Nick & Norah's Infinite Playlist Review

One night in Manhattan. Nick (Michael Cera) is the bassist for “queercore” band The Jerk-Offs, and feels out of place by being a straight guy in a gay band. He's just broken up with Tris.(Alexis Dziena). Norah (Kat Dennings) meanwhile likes the look of Nick when she sees him on stage with the band. When Tris taunts Norah for being there with no date, Norah asks Nick to pretend to be her date, not realising his past history with Tris. And meanwhile, the hunt for a secret gig by the hottest band in town, Where's Fluffy, is on...

Rachel Cohn and David Levithan were friends, and both published authors of novels for teenagers. Nick & Norah's Infinite Playlist began, with not much planning, as an exercise in writing a novel in two voices. The idea was Cohn's, and she enlisted Levithan's help to write the guy chapters. She also named the lead characters Nick and Norah – an intended homage to the Thin Man films, which were favourites of hers.

Told in alternating chapters from Nick's (written by Levithan) and Norah's (Cohn) viewpoints, both as first person present tense interior monologues, Nick & Norah is a short novel, telling a slight story. Replete with musical references old and new, it's more than a bit so-hip-it-hurts. Adapted for the screen by one writer (Lorene Scafaria), Nick & Norah the film is somewhat different. Double first person becomes the conventional cinematic third, with not even a voiceover to put us inside either character's head. The novel's heavy use of profanity is toned right down due to aiming for a PG-13 rating (12 in the UK). Amongst other things, the Jerk-Offs and their song “Screw That Man” were called different things in the novel – I'll leave you to guess what. The novel, to give it some credit, had that spiky energy that you associate with a night in New York (even if you have never been there). The film is blander, though not unpleasant, with personable lead actors. You know in advance what the end is, and some idea of how you get there, and you get an indie-rock soundtrack along the way. And also a lesson that it's probably not a good idea to share your gum with anyone if you don't know where it's been. Cameo spotters should note Devendra Banhart in a deli and Cohn and Levithan in Veselka's restaurant.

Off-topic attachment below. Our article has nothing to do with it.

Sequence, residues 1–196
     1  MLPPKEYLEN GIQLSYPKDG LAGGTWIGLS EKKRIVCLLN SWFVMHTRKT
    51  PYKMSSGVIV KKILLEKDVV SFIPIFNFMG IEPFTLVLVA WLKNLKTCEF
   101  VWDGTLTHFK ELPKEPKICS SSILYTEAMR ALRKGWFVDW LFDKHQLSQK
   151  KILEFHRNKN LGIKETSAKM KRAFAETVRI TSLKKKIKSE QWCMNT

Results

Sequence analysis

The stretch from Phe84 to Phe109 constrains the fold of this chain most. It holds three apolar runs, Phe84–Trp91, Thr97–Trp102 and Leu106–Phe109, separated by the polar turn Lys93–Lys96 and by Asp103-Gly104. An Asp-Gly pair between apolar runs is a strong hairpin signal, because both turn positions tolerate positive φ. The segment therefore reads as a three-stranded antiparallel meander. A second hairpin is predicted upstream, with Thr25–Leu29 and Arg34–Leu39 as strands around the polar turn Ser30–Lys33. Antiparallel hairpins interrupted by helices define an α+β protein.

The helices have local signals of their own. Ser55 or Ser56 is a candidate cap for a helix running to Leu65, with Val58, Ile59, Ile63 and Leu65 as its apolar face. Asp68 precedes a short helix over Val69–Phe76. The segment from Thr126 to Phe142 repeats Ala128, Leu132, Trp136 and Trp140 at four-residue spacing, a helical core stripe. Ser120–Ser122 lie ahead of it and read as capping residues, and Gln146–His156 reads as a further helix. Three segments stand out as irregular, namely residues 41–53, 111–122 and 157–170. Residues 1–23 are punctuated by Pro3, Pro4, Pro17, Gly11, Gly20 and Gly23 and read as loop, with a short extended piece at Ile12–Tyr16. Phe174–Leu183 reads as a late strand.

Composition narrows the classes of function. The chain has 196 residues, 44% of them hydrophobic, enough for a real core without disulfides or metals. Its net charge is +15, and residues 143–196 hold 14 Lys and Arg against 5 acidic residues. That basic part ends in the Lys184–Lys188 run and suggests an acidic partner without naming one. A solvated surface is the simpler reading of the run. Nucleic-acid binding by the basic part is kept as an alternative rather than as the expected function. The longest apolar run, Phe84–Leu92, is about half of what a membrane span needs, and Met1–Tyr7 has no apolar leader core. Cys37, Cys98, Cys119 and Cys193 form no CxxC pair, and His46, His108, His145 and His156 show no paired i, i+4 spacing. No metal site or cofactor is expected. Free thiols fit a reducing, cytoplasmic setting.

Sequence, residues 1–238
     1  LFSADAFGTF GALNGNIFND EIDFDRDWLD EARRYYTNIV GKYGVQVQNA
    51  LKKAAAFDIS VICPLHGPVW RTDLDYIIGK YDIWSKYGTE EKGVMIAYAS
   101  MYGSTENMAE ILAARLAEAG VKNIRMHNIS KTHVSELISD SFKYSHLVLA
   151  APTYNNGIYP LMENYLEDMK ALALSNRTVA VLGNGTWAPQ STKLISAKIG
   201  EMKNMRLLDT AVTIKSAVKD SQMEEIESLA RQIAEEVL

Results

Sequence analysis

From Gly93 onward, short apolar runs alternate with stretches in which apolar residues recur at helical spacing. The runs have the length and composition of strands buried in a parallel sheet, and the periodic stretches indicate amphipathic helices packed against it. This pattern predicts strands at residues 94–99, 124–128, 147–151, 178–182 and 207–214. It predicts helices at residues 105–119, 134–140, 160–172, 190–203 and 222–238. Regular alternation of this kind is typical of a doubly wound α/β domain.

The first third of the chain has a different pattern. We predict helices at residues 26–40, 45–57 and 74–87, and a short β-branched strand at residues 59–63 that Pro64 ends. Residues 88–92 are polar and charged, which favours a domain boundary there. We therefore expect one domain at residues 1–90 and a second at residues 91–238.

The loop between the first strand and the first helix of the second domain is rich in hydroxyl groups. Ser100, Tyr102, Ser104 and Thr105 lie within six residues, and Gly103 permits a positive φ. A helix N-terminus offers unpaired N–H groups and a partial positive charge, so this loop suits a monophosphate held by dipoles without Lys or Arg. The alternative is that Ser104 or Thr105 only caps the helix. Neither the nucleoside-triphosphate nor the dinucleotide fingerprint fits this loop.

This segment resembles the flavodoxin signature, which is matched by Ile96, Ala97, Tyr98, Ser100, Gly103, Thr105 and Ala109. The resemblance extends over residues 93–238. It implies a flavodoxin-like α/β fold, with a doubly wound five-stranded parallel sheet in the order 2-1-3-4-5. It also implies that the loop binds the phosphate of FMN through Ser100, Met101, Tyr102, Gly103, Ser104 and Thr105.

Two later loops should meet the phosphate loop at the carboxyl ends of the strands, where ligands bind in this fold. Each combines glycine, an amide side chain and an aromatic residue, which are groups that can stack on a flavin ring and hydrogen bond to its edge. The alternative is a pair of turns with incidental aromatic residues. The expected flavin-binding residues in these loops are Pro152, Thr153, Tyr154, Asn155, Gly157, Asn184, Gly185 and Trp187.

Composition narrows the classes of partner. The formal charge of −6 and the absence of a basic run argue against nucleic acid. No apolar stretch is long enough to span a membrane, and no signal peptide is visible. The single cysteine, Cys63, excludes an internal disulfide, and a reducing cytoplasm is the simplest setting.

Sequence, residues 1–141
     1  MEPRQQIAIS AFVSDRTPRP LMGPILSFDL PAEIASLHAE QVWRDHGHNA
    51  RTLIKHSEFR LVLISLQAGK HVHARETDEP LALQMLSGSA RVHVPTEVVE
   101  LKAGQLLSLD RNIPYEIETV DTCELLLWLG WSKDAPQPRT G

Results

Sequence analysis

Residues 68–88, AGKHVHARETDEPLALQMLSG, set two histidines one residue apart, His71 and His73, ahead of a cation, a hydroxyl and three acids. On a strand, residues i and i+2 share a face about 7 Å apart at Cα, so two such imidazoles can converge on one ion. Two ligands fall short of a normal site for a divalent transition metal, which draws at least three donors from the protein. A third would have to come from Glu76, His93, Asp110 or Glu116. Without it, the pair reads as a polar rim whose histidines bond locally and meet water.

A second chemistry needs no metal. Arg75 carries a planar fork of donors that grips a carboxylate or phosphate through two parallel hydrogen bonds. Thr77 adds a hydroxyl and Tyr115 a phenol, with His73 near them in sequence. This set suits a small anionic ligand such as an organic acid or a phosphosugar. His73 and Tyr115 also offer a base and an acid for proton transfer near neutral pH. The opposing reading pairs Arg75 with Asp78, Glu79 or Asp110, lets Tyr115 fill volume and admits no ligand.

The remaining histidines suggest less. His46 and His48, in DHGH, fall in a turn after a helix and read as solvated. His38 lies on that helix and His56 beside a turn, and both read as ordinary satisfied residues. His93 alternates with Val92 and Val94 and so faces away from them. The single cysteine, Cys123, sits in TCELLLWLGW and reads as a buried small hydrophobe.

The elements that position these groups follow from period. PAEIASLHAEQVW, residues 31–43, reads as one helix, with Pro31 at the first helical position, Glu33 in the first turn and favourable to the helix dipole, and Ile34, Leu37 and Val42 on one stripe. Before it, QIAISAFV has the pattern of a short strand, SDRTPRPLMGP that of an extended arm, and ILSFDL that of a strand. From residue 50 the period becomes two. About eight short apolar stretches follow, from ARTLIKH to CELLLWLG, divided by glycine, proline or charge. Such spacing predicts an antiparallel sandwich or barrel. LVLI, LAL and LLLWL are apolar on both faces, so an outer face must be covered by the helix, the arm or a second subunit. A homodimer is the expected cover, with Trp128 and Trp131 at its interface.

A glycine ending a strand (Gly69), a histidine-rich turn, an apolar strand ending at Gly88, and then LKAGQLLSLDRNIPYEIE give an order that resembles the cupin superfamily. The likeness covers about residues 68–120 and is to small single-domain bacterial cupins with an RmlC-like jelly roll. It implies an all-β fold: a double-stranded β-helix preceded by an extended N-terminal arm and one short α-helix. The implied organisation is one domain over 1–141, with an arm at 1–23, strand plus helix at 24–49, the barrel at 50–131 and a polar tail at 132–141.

Nick & Norah's Infinite Playlist is released by Sony on a single dual-layered DVD encoded for Regions 2 and 5. The disc begins with a plug for Blu-ray but that can be skipped.

The DVD transfer is in the theatrical ratio of 1.85:1 and anamorphically enhanced. Despite being set mostly at night, this is a bright and colourful film, and gets a transfer to match. Given that this is a new film, very likely produced with a digital intermediate and transferred to DVD from a high-definition source, this is as good as you should expect.

The 5.1 soundtrack is mostly front and centre, with some use of the surrounds for the music score. Not the most elaborate sound mix, but it does its job. An audio descriptive option is a welcome addition, and there are Spanish and Catalan dubs as well. Subtitles are available in several languages for the feature (see sidebar). The commentary has subtitles available in English and Spanish, while the extras have those two languages plus Portuguese available.

The extras begin with two audio commentaries. Both feature director Peter Sollett, first with actors Michael Cera, Kat Dennings and Ari Graynor, then with the writers, Lorene Scarafia, Rachel Cohn and David Levithan. The first is jokey but doesn't say a great deal. The second goes into some detail about the novel and the changes made for the screenplay. As with many DVDs with more than one commentary, you suspect it might have been better to have a more disciplined track with all seven participants together.

Deleted and Alternate Scenes (10:27) follow, presented in non-anamorphic 1.85:1. Each scene can be accessed separately, so if you particularly want to watch or avoid a cleaning lady doing several takes of her one line (“Hell, no!”) or of Tris vomiting, then you can. Also provided are 4:13 of outtakes.

Many of the remaining extras are fairly lightweight, including Kat Dennings's puppet version of the film (5:13), a video diary by Ari Graynor (3:57) and a “faux interview” with Cera and Dennings by Eddie Kaye Thomas (2:51), a stills gallery of shots taken by Peter Sollett and a music video, “Middle Management” by Bishop Allen (2:52), who appear in the film.

More substantial, and particularly of interest to film students (as Sollett points out) are two storyboard animations, with an optional commentary by Sollett and editor Myron Kerstein. These cover the opening sequence and the scene where Nick and Norah meet, with a “play all” option.

The extras are completed by a set of trailers, for The House Bunny, Rachel Getting Married, Seven Pounds and The International.

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